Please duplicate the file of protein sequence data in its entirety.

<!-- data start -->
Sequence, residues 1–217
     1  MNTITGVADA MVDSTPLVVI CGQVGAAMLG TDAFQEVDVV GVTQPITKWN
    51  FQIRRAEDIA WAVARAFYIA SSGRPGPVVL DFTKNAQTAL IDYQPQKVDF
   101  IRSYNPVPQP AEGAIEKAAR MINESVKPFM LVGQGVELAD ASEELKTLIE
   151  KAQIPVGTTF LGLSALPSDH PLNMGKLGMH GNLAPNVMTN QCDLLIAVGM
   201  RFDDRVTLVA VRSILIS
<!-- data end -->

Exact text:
Sequence, residues 1–217
     1  MNTITGVADA MVDSTPLVVI CGQVGAAMLG TDAFQEVDVV GVTQPITKWN
    51  FQIRRAEDIA WAVARAFYIA SSGRPGPVVL DFTKNAQTAL IDYQPQKVDF
   101  IRSYNPVPQP AEGAIEKAAR MINESVKPFM LVGQGVELAD ASEELKTLIE
   151  KAQIPVGTTF LGLSALPSDH PLNMGKLGMH GNLAPNVMTN QCDLLIAVGM
   201  RFDDRVTLVA VRSILIS